Mocha Meringue Cookies

Recipe and photo by Tami Ganeles Weiser Yield:  56 cookies
Prep Time:  1 hour 20 minutes Cook Time:  2 hours

Mocha Meringue Cookies

With only six ingredients, these light and crispy cookies will satisfy any sweet tooth.

Ingredients

1 teaspoon coffee liqueur or coffee extract

1 teaspoon espresso powder

4 large egg whites, room temperature

½ teaspoon cream of tartar

1 cup (200 grams) granulated sugar

¼ cup plus 2 tablespoons (63 grams) dairy-free mini-chocolate chips 

Instructions

  1. Preheat the oven to 225°F. Line 2 baking sheets with a silicone baking mat or parchment paper.
  2. In a small bowl, mix the coffee liqueur and espresso powder. Set aside to let the espresso powder dissolve.
  3. In the perfectly clean bowl of a stand mixer fitted with a perfectly clean whisk attachment (or if you are using a handheld mixer, in a perfectly clean mixing bowl), beat the egg whites and cream of tartar until soft peaks form (see Kitchen Tips). With the mixer running, add the sugar, 1 tablespoon at a time, until stiff peaks form. Remove the bowl from the stand mixer and fold in (see Kitchen Tips) the coffee liqueur and mini-chocolate chips.
  4. Use a small spoon or ½-ounce cookie scoop to form the mixture into rounds and arrange them on the prepared baking sheets, about about 1 inch apart.
  5. Bake for 1½  to 2 hours, until dry and crisp, switching the baking sheets between the oven racks (top to bottom and bottom to top) and rotating them 180° (back to front) halfway through the baking process. Turn off the oven and allow the meringues to cool in it for at least 1 hour. The cookies can be stored in an airtight container in the coolest part of the kitchen for up to 3 days.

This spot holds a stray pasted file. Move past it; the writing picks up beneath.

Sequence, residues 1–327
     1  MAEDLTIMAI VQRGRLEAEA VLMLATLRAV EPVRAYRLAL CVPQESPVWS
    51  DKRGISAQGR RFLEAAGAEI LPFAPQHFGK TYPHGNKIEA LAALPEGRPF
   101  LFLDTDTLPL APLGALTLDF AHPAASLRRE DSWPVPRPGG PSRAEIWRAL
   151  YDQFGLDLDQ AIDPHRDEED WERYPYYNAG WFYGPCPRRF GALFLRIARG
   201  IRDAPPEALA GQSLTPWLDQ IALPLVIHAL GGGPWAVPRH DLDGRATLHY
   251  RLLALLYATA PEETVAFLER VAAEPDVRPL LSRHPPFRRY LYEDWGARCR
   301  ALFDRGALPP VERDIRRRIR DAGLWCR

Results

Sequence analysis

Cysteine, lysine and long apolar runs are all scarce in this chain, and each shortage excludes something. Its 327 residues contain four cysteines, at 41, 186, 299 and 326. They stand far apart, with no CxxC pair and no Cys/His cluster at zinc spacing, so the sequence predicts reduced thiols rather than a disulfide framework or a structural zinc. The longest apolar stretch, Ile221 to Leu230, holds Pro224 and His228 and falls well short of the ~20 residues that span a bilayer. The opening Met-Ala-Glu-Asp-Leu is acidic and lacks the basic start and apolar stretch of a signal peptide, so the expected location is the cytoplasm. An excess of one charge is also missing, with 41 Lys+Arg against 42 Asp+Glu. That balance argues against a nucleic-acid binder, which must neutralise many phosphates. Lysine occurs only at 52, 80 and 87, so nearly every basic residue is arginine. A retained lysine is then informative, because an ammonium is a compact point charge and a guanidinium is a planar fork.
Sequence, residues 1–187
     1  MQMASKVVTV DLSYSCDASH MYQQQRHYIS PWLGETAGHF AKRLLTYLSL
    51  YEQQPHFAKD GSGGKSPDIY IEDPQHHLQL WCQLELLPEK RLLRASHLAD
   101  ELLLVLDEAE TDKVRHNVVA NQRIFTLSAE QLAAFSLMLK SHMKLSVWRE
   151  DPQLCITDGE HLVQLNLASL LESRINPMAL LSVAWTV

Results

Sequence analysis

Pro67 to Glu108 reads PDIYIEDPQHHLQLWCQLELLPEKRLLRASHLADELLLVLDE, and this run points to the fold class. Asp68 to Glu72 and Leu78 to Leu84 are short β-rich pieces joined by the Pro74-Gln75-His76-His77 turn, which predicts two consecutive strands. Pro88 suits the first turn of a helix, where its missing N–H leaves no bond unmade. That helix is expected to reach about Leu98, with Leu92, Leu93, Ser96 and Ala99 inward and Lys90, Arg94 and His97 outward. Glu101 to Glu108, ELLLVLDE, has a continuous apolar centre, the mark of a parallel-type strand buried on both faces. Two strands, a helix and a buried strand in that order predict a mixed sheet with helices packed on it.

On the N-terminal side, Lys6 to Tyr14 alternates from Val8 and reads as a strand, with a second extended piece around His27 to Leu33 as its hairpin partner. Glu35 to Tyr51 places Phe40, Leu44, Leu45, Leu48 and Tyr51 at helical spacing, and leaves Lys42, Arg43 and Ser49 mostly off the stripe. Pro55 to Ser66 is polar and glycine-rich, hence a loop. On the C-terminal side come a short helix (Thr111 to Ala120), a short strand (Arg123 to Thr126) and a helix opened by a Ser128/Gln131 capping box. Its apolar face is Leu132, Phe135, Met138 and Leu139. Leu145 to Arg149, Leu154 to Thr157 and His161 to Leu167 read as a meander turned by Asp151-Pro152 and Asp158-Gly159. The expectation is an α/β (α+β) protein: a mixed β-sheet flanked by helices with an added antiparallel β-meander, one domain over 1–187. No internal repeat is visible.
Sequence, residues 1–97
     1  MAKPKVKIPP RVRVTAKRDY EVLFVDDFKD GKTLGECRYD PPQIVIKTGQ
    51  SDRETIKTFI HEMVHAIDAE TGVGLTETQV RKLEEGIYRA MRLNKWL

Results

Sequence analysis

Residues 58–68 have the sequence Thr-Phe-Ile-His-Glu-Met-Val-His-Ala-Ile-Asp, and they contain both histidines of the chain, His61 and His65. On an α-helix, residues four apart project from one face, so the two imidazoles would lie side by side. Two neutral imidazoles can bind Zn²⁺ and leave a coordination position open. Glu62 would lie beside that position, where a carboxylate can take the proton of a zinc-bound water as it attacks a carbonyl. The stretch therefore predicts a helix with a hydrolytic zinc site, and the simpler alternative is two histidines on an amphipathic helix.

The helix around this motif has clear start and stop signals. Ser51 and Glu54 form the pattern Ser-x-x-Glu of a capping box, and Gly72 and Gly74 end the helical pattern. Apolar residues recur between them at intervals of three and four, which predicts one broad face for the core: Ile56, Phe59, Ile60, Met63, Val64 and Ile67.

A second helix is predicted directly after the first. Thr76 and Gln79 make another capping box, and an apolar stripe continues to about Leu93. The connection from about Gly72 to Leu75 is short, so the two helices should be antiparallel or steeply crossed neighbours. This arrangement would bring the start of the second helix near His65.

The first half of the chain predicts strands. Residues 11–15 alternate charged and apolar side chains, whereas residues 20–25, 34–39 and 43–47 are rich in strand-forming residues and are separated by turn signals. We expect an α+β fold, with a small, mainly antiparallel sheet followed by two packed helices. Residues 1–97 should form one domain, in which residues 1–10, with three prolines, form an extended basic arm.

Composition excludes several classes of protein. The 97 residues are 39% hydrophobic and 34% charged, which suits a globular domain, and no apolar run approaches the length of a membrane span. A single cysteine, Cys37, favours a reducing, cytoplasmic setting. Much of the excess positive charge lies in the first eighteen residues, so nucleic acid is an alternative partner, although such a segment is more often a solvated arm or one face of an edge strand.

Kitchen Tips

  1. When beating egg whites, an impeccably clean bowl is a must; even a bit of grease can decrease their stability. Egg whites will go through several stages as you beat them. At the soft peak stage, they will be glossy and foamy, retain their basic shape but will droop a bit, and won’t entirely cling to the bowl. Egg whites at the stiff peak stage will be glossy and very firm, will retain their shape and cling to the bowl. They will stand straight up from the overturned beater, yet they will still be creamy and flexible enough to fold in with other ingredients.
  2. Folding is a technique for combining two mixtures of differing densities. The lighter mixture, often egg whites or cream, is gently poured on top of the heavier mixture, and instead of mixing them around the bowl, the cook gently scoops some of the lighter mixture up from the bottom, catching some of the heavier mixture with it, and very gently turns the whole thing over. Folding, rather than beating, the egg whites into a batter protects the foam and froth created during beating and, in doing so, makes the final mixture lighter and fluffier. Here’s a post and video from thekitchn.com that shows just how to do it.

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